The average gross monthly wage for full-time workers in Hungary rose 11.2% year-on-year to HUF 364,400 in May, the Central Statistical Office (KSH) said on Tuesday. Net monthly wages grew at the same pace, reaching HUF 242,300.
Real wages were up 7.0% in May, calculating with 12-month inflation of 3.9% recorded for the month.
Excluding the 101,500 Hungarians employed in fostered work schemes, the average gross monthly wage rose 10.2% to HUF 374,700, while net wages grew at the same rate to HUF 249,180.
Excluding fostered workers, the average gross wage for those employed full-time in the business sector, which includes state-owned companies, rose 11.1% to HUF 379,220 in May. Again without fostered workers, the average full-time gross wage in the public sector increased 8.1% to HUF 364,073.
Full-time fostered workers earned a gross HUF 82,166 in May, 0.4% less than a year earlier. Their number dropped 27.3% in the period, in line with stated policy.
In January-May, average gross earnings amounted to HUF 358,400 and average net earnings to HUF 238,300; both grew by 10.6% compared to the corresponding period of the previous year.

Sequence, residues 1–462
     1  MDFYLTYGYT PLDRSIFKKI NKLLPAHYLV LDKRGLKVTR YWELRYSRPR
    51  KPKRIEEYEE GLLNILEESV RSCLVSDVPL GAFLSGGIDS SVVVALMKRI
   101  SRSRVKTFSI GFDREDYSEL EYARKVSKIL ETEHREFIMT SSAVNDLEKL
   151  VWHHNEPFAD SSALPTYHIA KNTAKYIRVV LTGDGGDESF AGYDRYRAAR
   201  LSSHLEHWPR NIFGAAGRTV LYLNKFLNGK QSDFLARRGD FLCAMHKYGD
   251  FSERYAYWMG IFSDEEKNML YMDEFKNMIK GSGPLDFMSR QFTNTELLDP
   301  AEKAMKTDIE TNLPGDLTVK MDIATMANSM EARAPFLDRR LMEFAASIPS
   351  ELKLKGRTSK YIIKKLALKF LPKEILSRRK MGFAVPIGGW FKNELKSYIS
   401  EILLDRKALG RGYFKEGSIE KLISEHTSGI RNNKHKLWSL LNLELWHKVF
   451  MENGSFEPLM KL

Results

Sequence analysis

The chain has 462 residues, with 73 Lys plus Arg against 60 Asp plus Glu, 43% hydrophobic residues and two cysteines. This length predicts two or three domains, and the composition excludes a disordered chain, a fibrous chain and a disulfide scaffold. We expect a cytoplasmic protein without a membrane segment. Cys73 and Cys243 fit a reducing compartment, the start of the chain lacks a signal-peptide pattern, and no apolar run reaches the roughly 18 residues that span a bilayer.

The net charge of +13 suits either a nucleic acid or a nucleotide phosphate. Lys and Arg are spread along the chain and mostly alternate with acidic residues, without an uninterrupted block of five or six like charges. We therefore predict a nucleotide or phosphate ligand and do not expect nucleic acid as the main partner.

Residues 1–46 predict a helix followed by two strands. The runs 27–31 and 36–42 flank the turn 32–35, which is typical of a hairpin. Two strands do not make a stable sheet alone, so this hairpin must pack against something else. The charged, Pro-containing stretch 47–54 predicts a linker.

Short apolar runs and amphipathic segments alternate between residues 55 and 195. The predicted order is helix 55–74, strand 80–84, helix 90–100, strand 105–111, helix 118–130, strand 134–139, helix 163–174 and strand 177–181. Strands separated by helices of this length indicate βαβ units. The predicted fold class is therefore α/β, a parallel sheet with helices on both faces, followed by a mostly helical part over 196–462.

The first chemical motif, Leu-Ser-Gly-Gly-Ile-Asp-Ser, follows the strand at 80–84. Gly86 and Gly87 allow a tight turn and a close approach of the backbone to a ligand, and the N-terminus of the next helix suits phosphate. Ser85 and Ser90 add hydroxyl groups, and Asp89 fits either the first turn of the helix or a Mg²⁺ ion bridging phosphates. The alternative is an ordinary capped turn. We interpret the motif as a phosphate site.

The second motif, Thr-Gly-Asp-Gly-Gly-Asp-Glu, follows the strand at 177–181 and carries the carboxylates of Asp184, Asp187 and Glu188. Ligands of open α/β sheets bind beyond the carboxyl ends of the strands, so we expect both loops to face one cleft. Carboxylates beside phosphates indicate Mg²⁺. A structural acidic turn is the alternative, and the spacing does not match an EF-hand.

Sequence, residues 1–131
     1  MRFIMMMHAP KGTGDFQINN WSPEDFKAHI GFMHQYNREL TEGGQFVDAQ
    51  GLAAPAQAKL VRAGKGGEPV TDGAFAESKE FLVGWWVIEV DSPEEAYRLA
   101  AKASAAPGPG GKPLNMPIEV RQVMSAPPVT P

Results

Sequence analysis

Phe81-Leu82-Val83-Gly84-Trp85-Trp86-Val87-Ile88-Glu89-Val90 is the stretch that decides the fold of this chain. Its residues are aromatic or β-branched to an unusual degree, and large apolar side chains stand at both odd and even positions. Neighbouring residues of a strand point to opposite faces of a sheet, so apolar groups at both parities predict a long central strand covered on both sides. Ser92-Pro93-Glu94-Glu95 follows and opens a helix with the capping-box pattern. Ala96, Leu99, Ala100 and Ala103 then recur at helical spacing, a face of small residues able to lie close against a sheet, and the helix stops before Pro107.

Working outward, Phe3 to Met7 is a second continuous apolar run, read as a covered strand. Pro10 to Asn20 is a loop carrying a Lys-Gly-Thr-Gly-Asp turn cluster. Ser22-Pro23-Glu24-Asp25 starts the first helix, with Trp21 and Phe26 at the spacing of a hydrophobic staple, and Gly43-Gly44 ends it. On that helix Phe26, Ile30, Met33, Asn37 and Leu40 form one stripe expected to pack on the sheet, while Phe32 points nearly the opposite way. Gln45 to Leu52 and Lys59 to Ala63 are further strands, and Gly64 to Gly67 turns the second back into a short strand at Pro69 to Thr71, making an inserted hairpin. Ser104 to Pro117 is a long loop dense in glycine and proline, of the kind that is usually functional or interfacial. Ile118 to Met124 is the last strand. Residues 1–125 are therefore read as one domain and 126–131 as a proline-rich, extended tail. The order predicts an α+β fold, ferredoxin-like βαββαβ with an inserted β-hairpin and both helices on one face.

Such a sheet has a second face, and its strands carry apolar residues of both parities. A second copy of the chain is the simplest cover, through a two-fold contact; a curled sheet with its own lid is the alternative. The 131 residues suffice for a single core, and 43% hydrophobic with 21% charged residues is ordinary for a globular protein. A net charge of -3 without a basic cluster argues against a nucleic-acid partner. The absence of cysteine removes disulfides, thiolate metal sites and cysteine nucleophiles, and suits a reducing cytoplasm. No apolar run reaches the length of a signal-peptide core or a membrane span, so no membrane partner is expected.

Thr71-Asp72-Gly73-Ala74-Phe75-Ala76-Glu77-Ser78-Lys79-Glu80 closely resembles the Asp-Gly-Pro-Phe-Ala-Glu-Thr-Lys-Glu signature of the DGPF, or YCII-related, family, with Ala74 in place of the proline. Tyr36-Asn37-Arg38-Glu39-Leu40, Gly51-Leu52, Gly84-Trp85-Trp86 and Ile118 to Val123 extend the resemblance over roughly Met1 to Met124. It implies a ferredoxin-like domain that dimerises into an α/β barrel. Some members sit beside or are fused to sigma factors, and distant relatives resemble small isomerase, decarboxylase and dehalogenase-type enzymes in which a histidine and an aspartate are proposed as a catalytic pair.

Average gross monthly earnings over the period were the highest in financial and insurance activities (HUF 666,100) and the lowest (HUF 235,200) in human health and social work activities, the latter employing the majority of fostered workers.
Excluding fostered workers, business sector gross wages rose 11.2% and public sector wages rose 4.9% in the period.
Full-time employees’ average gross earnings amounted to HUF 392,900 for men and HUF 324,300 for women in January-May, representing respective year-on-year increases of 11.4% and 9.5%.
Along with the 3.5% rise in consumer prices compared to the first five months of the previous year, real earnings increased by 6.9% in January-May 2019.
Speaking to state news agency MTI, ING Bank analyst Péter Virovácz attributed the acceleration in wage growth to a rise in pay in the public sector. He augured full-year wage growth of over 10%.
TakarékBank chief analyst András Horváth said the shortage of skilled labor and minimum wage rises continued to impact overall wage growth.
Earnings data for June, and for the first half of 2019, will be published on August 30.